Roses might be red, but so are beets! You may be tempted to make a red velvet cake for your special someone, but this Valentine’s Day, skip the artificial food dye and embrace the natural color and complex taste of our favorite colored vegetable. The beet puree in this indulgent chocolate cake enhances the cocoa’s flavor, creating a rich, chocolatey dessert worthy of the day of love—we especially love the secret layer of pink (naturally dyed with beet juice!) frosting between the chocolatey layers. Just as important, however, is the fact that this cake is easy to make and can be made ahead of time. Since it’s so flavorful and moist, it’s actually better if you let it sit for a few days. With this chocolate beet cake, you can impress your Valentine’s Day date and still enjoy the day with your love one.
For the cake:
8-10 medium beets, peeled and cut into quarters
½ cup butter, melted
4 cups all purpose flour
3 teaspoons baking soda
1½ teaspoons salt
1 cup Dutch process cocoa powder + more for dusting pan
1½ cups warm water
4 large eggs
3 teaspoons vanilla extract
For the pink beet frosting:
2 tablespoons reserved beet juice (from boiling the beets)
1½ cup butter, softened to room temperature
1 teaspoon vanilla extract
1-2 cups powdered sugar
For the whipped chocolate ganache frosting:
8 oz bittersweet chocolate + 1 oz for garnish
1 ½ cups heavy whipping cream
1. Preheat oven to 350°F. Place beets in a large pot and cover with enough water to rise 1 inch over the beets. Bring water to a boil over high heat, then reduce heat to medium-high and cook until tender when pierced with a sharp knife, 35-45 minutes. When the beets are tender, drain, reserving ¼ cup beet cook liquid (you’ll use it in the frosting!). Let cool slightly, then puree beets in a food processor until smooth. Puree should yield 2 ½ cups.
2. Butter two 9 inch circular cake pans and dust with cocoa to coat.
3. While beets cook, mix together flour, sugar, baking soda, cocoa powder, and salt in a large bowl.
4. Once beets are pureed, add eggs, melted butter, vanilla extra, warm water, and beet puree to bowl with dry ingredients and whisk until smooth.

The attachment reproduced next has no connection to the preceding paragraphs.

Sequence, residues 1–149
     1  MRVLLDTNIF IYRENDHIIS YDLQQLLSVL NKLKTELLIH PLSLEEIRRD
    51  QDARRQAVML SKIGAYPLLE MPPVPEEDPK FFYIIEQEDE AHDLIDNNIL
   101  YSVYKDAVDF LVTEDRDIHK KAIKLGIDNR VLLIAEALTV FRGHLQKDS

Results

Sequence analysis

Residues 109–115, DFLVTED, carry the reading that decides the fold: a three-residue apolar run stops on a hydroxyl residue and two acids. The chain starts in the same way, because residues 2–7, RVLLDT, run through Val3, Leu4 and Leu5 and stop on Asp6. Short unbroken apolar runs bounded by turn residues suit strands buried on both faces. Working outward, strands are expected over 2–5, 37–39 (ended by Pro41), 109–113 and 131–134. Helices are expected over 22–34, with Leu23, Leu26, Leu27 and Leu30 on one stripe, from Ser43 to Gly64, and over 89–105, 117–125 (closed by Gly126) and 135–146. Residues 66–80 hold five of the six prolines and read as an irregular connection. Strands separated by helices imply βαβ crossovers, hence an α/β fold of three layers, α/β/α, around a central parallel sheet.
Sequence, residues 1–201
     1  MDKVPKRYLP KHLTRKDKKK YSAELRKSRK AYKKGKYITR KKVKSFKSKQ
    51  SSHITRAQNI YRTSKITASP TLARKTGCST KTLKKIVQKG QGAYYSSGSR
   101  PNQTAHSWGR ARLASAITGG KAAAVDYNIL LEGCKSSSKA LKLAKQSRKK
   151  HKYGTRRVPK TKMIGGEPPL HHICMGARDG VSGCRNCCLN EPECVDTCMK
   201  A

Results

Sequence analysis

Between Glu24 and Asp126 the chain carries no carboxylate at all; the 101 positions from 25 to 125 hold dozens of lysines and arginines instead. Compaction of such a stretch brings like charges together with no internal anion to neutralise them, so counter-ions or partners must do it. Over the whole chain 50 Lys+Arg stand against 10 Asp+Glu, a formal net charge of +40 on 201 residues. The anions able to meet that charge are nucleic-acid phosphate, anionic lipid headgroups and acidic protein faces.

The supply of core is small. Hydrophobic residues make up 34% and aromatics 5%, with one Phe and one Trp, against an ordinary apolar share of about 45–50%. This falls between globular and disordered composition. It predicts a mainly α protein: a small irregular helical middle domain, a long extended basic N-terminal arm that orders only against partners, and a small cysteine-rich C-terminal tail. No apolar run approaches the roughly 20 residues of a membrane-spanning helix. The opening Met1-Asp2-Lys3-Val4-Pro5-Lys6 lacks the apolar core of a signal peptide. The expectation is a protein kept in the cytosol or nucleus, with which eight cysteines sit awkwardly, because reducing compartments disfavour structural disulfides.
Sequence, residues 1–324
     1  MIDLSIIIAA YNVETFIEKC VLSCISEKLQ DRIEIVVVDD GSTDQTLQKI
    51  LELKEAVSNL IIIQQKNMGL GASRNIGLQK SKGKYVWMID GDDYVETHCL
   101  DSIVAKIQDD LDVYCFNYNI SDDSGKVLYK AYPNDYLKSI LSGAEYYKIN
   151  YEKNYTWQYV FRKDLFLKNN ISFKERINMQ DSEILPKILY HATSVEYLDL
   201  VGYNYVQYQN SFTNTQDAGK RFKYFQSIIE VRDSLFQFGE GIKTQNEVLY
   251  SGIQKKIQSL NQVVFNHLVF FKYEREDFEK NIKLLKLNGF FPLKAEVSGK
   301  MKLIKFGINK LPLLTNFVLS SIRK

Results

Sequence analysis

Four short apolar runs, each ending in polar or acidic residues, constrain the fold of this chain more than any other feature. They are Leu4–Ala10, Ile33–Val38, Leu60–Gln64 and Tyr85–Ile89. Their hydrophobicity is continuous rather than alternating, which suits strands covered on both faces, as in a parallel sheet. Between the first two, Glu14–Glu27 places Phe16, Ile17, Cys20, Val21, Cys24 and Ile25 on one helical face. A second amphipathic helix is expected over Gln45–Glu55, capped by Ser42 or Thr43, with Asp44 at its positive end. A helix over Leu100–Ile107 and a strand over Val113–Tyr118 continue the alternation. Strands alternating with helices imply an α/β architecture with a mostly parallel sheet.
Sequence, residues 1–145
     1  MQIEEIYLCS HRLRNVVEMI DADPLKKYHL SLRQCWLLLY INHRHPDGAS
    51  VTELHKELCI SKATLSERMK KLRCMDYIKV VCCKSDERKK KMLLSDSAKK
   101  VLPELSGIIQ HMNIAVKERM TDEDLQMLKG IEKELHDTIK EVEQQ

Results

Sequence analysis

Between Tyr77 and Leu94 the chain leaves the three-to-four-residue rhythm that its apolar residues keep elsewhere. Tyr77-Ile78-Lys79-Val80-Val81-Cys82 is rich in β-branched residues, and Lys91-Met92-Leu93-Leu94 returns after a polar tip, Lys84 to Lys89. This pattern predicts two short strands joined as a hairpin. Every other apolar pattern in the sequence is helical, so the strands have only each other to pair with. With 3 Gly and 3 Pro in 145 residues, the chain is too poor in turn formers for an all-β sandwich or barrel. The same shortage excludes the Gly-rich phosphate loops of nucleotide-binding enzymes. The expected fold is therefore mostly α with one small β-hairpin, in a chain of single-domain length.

5. Divide batter evenly between cake pans. Bake, rotating halfway through, for 35-45 minutes until cakes are domed, firm to the touch, and a cake tester inserted into the middle comes out clean.
6. Cool cakes in cake pans for 45 minutes, or until they are cool to the touch and easy to handle. Then, flip onto cooling racks and allow to come to room temperature. If you’d like to store your cakes, we recommend keeping them in the tins and wrapping the entire tin in plastic wrap to store. They’ll keep for one week if tightly wrapped.
7. While cakes bake, place softened butter in the bowl of an electric mixer fitted with a paddle attachment. Set mixer to medium speed and mix until butter is soft and lightly whipped. Reduce mixer speed to low and slowly add powdered sugar, mixing until incorporated. Add vanilla extract and 1 tablespoon of beet juice and increase speed to medium-high. Mix until fluffy but still smooth, 1 minute more. If you’d like your frosting to be a brighter color pink, add the rest of the beet juice and mix for 30 more seconds.
8. Transfer pink buttercream frosting to a bowl and set aside at room temperature. Wipe mixing bowl clean. Fit mixer with whisk attachment.
9. Add heavy cream to a microwave-safe bowl. Microwave at 30 second intervals until steaming but not boiling, about 1 minute total. Add chopped chocolate to mixing bowl and pour warm cream over chocolate. Turn mixer on low and mix to combine. Increase speed to high and whip until lighter in color and resembling whipped cream. (This should take 4-5 minutes of whipping to get to the light consistency of frosting. Just remember, it’s a labor of love!)
10. Flip cakes so the flat side (the side that was one the bottom of the cake pan) is facing up. Spread pink beet frosting over the flat side of one cake. Place the other cake on top with the domed side face up.
11. Cover the top and sides of cake with the whipped chocolate ganache frosting. Use a vegetable peeler to shave remaining chocolate over top of cake.
Story contributed by Plated Recipe Development Manager Grace Pescatello.
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